Is the Blog Comment Alive and Well?

There has been a lot of hand-wringing about the death of the blog comment in recent months.

Part of it has to do with the fact there are so many places to leave a comment such as Twitter, Friendfeed, Facebook and LinkedIn. It also has to do with the fact the novelty of the blog comment may have dissipated. Then, there was Facebook’s recently foray into the comment market, which was seen by some people as another blow to the blog comment.

In the wake of this concern, it is interesting to see Disqus announce a $10-million financing round led by Union Square Ventures and North Bridge. Disqus, one of the leading blog comment systems, also said it is close to attracting 500 million unique visitors/month. Disqus, which was spawned at YCombinator, said the money will be used to expand its “team, our products” and “on building our long-term business.”

So what should we make of Disqus’ financing? Is it a sign that rumours of the blog comment’s death have been greatly exaggerated? Is could also mean Disqus has emerged as the top dog in the comment business, pushing aside rival Intense Debate and, for the time being, Facebook?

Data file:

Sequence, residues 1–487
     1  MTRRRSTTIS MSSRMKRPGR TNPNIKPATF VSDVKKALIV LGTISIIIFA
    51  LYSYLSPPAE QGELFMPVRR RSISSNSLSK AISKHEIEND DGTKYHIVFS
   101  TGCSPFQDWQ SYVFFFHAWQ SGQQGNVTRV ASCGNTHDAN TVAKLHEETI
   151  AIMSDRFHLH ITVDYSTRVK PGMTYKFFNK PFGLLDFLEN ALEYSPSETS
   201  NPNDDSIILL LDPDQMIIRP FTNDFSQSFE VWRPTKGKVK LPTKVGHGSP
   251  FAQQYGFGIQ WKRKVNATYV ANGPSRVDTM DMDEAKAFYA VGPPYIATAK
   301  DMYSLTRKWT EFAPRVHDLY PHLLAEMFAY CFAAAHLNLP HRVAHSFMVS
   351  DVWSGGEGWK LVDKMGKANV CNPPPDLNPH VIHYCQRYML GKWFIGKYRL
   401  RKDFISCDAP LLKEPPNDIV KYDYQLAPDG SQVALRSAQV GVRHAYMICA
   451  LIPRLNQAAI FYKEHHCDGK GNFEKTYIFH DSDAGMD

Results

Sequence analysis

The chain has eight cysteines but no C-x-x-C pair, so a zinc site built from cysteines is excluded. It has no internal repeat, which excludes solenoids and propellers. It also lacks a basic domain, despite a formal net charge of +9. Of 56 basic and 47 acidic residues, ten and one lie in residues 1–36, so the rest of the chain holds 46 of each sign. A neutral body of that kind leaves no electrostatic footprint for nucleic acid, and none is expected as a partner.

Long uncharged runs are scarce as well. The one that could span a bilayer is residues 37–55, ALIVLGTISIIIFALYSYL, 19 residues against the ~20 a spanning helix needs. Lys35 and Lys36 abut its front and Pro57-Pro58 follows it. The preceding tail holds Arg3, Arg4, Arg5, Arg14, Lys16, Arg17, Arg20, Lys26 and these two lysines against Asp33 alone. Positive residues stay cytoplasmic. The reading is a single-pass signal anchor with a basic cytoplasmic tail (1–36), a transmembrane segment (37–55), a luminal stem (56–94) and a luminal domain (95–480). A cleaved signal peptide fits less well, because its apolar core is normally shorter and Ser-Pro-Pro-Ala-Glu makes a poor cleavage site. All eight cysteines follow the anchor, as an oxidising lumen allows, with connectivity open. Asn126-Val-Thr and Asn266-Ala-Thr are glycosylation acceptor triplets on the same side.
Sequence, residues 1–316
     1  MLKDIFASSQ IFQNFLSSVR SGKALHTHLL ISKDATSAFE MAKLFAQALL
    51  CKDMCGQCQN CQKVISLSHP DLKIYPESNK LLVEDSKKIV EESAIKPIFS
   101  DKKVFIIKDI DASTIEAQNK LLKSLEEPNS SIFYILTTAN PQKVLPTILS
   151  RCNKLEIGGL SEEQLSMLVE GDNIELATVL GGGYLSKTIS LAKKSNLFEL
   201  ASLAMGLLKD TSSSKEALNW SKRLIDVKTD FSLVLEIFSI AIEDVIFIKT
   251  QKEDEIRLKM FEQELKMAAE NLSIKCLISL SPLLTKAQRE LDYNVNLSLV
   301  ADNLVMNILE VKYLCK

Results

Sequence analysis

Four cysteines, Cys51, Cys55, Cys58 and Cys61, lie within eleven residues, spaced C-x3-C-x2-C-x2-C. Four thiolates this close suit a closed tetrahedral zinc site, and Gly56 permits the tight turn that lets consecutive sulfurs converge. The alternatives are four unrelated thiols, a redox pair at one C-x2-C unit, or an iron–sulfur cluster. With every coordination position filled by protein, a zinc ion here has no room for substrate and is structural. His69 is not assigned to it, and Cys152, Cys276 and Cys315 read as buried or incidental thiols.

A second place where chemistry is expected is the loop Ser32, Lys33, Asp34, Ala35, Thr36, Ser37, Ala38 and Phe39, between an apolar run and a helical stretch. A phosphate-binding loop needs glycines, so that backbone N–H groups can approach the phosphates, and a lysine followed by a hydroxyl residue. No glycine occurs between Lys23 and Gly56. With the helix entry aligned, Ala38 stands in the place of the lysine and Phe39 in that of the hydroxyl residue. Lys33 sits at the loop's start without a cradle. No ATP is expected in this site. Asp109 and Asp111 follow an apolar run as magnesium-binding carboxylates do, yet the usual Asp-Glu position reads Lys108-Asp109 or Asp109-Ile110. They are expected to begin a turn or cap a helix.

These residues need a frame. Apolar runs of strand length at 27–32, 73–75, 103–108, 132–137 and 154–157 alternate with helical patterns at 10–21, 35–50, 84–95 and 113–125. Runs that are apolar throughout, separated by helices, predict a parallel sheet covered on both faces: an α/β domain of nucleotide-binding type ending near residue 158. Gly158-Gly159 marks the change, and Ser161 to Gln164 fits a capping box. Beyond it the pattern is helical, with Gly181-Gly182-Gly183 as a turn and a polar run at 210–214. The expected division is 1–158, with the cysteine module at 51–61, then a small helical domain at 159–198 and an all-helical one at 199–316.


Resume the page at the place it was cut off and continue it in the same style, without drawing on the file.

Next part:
From personal experience, the blog comment appears to doing well amid lots of different kinds of competition. On the Sysomos blog, there are posts that generate a lot of comments, which demonstrates the right kind of content can strike enough of a chord to spark a response.

Aside from good content, the other important issue is making it as easy as possible to leave a comment. If you make it at all difficult to comment, most people will click away rather than spend the time to leap over a hurdle – and this includes making people register, which is an absolute non-starter.

So here’s to the blog comment’s health. May it continue to live a long and prosperous life!

One Comment on “Is the Blog Comment Alive and Well?”

  1. Guess I better leave a comment as I don’t see any others. 🙂

    I think it’s dying myself. People are too busy and are more interested in consuming rather than building community.

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